From Pages to Popcorn Essay

Submitted By thejaysquad
Words: 629
Pages: 3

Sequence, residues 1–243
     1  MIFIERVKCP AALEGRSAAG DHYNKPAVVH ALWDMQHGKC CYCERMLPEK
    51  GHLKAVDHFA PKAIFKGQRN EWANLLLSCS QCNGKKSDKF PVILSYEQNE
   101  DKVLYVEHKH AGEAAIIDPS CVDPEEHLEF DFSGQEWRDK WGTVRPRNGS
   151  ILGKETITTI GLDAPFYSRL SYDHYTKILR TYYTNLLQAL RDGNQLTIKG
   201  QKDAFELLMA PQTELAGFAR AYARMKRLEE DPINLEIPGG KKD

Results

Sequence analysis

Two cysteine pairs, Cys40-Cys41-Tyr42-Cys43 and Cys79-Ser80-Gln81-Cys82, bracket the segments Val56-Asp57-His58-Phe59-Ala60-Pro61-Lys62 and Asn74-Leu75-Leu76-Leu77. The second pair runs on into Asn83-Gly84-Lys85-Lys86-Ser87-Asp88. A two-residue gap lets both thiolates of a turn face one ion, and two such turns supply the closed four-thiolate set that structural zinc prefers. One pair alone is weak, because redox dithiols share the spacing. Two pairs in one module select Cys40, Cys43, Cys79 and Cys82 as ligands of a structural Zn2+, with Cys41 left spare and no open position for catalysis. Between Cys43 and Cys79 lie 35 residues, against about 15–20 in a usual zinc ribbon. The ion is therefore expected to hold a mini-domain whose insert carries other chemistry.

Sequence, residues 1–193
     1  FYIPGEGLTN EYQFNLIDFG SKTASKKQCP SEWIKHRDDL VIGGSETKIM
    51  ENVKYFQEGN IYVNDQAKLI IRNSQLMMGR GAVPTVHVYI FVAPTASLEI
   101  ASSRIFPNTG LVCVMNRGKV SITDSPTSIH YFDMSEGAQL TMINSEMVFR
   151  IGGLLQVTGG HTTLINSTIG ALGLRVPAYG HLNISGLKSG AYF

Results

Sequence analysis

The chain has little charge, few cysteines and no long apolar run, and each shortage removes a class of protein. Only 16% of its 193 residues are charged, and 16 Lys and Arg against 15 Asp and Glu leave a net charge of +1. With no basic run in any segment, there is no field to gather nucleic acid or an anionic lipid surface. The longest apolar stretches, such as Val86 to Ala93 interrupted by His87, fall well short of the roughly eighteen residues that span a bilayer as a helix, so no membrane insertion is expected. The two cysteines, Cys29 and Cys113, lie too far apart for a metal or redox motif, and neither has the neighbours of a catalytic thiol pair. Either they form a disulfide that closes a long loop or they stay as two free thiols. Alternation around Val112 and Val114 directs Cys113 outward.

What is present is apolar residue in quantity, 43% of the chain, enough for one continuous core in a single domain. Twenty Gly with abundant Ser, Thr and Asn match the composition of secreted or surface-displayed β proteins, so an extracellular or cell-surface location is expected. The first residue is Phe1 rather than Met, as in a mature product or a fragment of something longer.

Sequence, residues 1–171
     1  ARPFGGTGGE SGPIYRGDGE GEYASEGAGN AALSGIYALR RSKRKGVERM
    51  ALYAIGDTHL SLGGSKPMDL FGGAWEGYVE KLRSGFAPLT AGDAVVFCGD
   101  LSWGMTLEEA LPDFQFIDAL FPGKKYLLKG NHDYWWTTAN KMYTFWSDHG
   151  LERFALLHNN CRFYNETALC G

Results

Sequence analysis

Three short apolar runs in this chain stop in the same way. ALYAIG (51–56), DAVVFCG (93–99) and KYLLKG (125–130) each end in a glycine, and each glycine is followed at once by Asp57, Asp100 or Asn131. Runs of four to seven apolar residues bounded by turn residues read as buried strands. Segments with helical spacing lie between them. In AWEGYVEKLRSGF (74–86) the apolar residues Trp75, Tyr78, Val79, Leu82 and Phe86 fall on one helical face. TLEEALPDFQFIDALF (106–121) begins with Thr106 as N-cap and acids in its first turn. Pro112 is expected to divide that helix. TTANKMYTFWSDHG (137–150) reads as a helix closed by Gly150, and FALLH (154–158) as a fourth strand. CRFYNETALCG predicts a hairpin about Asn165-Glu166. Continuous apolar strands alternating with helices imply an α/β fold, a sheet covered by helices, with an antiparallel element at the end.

Leave it to Director Robert Enrico to resurrect the classical short from Ambrose Bierce’s, An Occurrence at Owl Creek Bridge, straight to the big screen to captivate audiences once again. This two-toned color marvel seems to leap right from the texted-version, every word crafted into a visual recreation. While both media and manuscript fair similar, there is still much room for interpretation. Great features come from both text form, and theater, as we experience a great read-along or a cinematic joyride. In the two different representations of the short, varied storytelling elements bring the story to life and each one provides its own flair to audiences alike. It is true talent that Bierce can engage the audience with his storytelling ability. In the book version, we see that the perspective of the story alternates from varying perspectives. Initially, his objective point of view allows the audience to picture a man with “a straight nose, firm mouth, broad forehead, from which his long, dark hair was combed straight back…He wore a moustache and a pointed beard, but no whiskers…” (Bierce). As the story progresses, we plunge into the stream with the panicking Farquhar through a third person roller-coaster. The advantage of the text is of the audience sharing the feeling and struggle in much more depth than in a film. Rich detail is present, such as noting “the prismatic colors in all the dewdrops upon a million blades of grass” (Bierce), portrays the imagery that the author promotes throughout this short. A major factor in the text is of the Union spy, which the film casually excludes for the sake of fluid action. All in all, the book version proves it can stand on its own as a masterpiece. With great respect to director Robert Enrico for the filmed version of Bierce’s, An Occurrence at Owl Creek Bridge, many agree that his representation of the classic was phenomenal. With the addition of sound effects and voice acting, it evolves into an action-packed thrill ride. The audience begins at an omniscient position to witness the full view of Farquhar’s “escape.” With visuals to appreciate, it is enough to recreate similar feelings of suspense and excitement the texted-version delivers. In this point of view we see literally every aspect of that fateful day amid the Civil War. However, we do not share the moment of the Farquhar…